Petition against festival camel racing near Stevenage signed by 11,000

PUBLISHED: 18:05 21 June 2018 | UPDATED: 18:05 21 June 2018

Camel racing during the 2009 Camel Cup in Alice Springs, Australia. Picture: Toby Hudson via Wikimedia Commons

Camel racing during the 2009 Camel Cup in Alice Springs, Australia. Picture: Toby Hudson via Wikimedia Commons

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An online petition against camel racing set to be held at a festival near Stevenage next month has gained 11,000 signatures in less than 24 hours.

Todd in the Hole Festival co-founder David Nye, manager Nicola Gates and co-founder Mark Watts. Picture: Todd in the HoleTodd in the Hole Festival co-founder David Nye, manager Nicola Gates and co-founder Mark Watts. Picture: Todd in the Hole

The petition against the camel racing at the new Todd in the Hole Festival, which is to be held at Todds Green on July 21 and 22, has attracted signatures from as far off as Canada, South Africa and Brazil. About 2,500 signatures are from the UK, and it is unclear how many are local.

Samantha Ken-Francis started the petition yesterday after PETA director Elisa Allen wrote to festival co-founder David Nye on Monday, asking him to call off the racing on what she said were moral and safety grounds.

Ms Allen proposed that as Todd in the Hole celebrates English eccentricity, the organisers could drop camel racing and substitute in an unusual English activity “such as barrel racing, toe wrestling or mud racing”.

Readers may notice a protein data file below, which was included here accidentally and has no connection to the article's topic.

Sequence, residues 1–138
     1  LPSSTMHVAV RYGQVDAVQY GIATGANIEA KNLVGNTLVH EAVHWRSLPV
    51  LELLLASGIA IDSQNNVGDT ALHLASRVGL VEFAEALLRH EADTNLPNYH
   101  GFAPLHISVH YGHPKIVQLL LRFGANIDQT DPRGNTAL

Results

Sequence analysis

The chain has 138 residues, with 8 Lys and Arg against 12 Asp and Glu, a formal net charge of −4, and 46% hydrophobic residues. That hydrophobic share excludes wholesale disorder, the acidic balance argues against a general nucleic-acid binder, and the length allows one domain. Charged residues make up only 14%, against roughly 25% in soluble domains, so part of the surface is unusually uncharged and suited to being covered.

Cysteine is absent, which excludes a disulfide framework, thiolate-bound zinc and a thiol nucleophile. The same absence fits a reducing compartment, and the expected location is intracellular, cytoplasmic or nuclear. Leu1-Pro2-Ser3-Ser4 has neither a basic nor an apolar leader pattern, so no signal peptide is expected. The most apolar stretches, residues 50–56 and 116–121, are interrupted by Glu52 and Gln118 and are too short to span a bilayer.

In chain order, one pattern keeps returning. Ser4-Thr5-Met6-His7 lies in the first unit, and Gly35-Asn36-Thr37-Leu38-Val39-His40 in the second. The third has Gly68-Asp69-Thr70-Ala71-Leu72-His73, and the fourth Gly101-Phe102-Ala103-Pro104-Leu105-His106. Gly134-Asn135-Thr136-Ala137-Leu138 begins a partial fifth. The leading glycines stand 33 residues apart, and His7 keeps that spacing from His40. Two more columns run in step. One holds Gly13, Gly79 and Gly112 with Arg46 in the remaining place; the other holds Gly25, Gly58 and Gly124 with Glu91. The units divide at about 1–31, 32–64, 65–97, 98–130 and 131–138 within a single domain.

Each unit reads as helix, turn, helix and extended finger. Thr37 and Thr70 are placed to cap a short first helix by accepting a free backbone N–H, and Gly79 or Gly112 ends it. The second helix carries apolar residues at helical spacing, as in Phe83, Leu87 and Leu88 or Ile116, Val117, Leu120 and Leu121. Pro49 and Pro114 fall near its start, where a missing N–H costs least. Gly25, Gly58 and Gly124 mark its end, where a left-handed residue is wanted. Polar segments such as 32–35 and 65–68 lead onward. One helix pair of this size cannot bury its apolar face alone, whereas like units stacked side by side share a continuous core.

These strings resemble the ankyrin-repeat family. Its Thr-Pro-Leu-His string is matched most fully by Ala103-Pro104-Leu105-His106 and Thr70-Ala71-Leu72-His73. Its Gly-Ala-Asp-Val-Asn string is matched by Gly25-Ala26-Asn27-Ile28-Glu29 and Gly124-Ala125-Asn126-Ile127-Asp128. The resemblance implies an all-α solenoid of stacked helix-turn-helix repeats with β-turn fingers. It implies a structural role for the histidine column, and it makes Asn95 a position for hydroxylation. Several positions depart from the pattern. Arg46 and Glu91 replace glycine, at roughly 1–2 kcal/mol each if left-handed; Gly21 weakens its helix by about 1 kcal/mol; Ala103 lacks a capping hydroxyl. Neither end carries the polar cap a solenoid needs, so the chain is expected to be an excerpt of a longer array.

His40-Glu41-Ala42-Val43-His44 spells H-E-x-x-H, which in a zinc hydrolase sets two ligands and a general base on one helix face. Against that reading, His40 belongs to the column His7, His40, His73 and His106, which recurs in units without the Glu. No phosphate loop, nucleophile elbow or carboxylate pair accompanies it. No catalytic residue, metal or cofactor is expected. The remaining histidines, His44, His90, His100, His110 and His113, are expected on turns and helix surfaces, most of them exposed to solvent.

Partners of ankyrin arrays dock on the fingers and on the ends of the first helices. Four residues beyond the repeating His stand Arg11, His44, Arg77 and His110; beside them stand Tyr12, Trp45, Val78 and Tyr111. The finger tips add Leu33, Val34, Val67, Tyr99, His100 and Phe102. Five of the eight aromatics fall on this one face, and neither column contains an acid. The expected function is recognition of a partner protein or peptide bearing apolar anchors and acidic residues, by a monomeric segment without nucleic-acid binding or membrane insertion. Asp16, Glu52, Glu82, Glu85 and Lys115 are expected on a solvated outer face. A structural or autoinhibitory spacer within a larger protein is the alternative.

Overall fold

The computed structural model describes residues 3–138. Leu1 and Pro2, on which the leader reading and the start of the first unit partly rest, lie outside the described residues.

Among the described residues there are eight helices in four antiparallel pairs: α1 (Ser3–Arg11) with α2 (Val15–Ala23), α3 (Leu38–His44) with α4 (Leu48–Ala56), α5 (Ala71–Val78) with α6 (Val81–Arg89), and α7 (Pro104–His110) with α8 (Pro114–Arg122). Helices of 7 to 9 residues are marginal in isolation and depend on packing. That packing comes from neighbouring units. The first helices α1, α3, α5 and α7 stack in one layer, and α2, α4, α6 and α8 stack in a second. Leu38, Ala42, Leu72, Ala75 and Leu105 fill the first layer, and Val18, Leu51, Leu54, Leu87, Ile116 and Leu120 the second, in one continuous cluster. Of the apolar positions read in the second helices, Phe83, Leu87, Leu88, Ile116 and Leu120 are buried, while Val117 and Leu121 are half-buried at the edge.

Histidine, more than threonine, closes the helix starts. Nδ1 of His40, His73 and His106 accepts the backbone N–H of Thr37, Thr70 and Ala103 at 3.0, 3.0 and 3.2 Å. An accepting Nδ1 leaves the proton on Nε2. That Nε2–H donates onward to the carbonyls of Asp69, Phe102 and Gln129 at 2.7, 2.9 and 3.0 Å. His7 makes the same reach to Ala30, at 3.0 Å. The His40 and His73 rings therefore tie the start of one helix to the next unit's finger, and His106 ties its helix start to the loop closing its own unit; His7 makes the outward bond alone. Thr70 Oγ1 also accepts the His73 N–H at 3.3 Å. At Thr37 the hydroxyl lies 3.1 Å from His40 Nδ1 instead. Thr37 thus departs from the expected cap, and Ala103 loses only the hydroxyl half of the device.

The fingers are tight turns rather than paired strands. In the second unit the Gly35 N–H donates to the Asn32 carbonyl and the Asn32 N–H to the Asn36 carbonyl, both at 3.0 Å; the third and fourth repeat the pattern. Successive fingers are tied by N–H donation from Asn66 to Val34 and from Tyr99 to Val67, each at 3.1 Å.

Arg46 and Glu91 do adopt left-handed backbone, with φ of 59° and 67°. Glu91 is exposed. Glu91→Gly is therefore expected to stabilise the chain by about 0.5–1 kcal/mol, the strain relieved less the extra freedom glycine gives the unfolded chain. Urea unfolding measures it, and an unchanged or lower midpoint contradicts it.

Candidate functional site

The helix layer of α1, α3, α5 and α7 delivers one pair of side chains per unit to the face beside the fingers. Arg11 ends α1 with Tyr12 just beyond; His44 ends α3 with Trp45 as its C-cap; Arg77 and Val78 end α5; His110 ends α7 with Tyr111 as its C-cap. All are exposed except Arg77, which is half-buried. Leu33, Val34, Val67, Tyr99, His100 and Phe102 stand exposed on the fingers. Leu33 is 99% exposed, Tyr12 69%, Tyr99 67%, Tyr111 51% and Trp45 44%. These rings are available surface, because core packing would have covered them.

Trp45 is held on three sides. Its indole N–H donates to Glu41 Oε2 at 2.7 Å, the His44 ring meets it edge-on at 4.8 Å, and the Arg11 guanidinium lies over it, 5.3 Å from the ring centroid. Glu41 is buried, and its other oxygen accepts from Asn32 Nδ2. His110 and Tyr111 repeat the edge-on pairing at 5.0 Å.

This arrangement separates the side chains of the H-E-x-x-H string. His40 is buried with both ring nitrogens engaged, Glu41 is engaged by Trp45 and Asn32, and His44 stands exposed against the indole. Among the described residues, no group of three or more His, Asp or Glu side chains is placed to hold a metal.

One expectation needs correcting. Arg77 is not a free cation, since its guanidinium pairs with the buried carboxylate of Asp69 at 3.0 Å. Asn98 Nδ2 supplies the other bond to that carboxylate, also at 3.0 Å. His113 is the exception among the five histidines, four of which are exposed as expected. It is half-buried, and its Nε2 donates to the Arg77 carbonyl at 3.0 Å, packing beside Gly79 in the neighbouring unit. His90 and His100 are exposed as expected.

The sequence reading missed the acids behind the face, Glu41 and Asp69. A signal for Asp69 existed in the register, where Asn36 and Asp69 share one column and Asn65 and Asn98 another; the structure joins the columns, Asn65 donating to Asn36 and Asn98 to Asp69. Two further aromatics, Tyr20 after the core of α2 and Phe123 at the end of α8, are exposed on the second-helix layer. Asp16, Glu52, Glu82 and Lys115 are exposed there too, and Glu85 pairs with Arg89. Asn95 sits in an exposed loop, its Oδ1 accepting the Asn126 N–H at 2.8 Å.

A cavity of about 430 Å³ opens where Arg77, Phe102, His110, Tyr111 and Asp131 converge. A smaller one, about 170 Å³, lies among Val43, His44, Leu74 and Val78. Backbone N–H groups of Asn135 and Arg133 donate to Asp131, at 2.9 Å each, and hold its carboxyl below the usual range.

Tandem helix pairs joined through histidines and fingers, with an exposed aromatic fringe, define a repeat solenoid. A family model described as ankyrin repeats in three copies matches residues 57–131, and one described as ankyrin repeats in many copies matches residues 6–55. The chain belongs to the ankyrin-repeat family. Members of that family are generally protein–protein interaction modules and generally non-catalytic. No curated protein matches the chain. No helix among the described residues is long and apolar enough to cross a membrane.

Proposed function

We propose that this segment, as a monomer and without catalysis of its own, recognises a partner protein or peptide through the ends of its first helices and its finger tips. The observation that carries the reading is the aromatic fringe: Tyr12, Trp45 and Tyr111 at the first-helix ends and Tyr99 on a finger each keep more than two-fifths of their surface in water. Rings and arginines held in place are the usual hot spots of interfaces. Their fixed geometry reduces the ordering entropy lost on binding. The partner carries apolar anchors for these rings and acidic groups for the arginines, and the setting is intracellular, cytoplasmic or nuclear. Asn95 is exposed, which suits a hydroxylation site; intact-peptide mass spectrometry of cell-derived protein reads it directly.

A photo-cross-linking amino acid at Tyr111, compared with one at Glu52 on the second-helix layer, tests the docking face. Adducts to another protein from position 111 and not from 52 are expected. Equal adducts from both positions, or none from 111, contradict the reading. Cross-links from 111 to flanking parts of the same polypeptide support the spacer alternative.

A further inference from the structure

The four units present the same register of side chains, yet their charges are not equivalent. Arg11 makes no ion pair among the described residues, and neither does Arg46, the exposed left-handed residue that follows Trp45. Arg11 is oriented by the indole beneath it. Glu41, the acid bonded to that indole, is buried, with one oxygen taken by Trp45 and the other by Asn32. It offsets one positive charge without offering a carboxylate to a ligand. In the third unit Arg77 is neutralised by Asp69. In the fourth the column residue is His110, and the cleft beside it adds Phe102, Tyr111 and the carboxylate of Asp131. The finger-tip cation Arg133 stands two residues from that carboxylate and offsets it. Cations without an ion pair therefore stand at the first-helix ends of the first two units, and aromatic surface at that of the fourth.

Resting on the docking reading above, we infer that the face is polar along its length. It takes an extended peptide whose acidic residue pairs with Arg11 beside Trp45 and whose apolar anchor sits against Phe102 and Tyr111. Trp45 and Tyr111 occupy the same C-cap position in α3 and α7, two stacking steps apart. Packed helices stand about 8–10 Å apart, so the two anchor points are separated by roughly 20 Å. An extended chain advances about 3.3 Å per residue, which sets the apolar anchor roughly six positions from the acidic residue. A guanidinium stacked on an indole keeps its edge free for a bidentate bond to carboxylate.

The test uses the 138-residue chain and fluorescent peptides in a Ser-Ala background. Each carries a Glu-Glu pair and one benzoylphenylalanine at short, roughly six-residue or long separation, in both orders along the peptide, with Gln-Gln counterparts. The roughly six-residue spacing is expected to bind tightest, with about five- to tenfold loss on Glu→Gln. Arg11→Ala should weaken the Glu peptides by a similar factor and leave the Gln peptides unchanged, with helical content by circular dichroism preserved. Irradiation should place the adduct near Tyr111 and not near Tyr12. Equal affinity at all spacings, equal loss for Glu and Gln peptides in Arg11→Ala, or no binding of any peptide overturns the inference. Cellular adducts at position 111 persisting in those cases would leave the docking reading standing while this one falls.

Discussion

PETA director Elisa Allen. Picture: PETAPETA director Elisa Allen. Picture: PETA

Cambridgeshire-based animal rights activist Ms Ken-Francis, who used to live in Hitchin and Stevenage, told the Comet she started the petition as she was “of course disgusted that camels were going to be exploited in this fashion”.

She said: “Using animals for entertainment is unnecessary in this day and age and doing so sends us back to the dark ages. We can find much less harmful ways to amuse ourselves these days.”

Regarding the global spread of the signatures, she said: “Animal rights is a global issue and we can’t afford to be parochial about it.”

Mr Nye has billed Todd in the Hole as a “feel-good throwback” for all ages, and this week moved to rebut Ms Allen’s concerns.

He said: “We take every step possible to go above and beyond when it comes to the safety of our guests. The camels will be provided by Joseph’s Amazing Camels, a specialist company with no complaints to their name.

“They do more than 80 events a year and hold the required licences.

“Unlike horses, camels are not a flight animal and are not scared of loud noises. Their lorry is more than adequate to transport the camels – 40 feet by 13 feet by eight feet, and 15 metres by 15 metres.

“They have previously worked with Sir David Attenborough and Disney, and take animal welfare very seriously.”

The Comet has accompanied its online coverage this week with an online poll asking readers if the Todd in the Hole camel racing should go ahead.

Out of 329 voters as of Thursday evening, 84 per cent said it should not as it was “cruel to the camels”, while 13 per cent backed the racing. Three per cent of voters said they didn’t know.

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